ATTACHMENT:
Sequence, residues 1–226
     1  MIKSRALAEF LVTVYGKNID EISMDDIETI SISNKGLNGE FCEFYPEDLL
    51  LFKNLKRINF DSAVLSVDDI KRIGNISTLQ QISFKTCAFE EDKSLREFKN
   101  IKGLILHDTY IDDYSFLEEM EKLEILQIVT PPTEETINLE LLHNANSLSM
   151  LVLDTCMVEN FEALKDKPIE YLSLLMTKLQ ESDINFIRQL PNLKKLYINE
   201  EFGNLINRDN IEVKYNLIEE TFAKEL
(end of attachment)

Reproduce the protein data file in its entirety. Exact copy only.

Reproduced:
Sequence, residues 1–226
     1  MIKSRALAEF LVTVYGKNID EISMDDIETI SISNKGLNGE FCEFYPEDLL
    51  LFKNLKRINF DSAVLSVDDI KRIGNISTLQ QISFKTCAFE EDKSLREFKN
   101  IKGLILHDTY IDDYSFLEEM EKLEILQIVT PPTEETINLE LLHNANSLSM
   151  LVLDTCMVEN FEALKDKPIE YLSLLMTKLQ ESDINFIRQL PNLKKLYINE
   201  EFGNLINRDN IEVKYNLIEE TFAKEL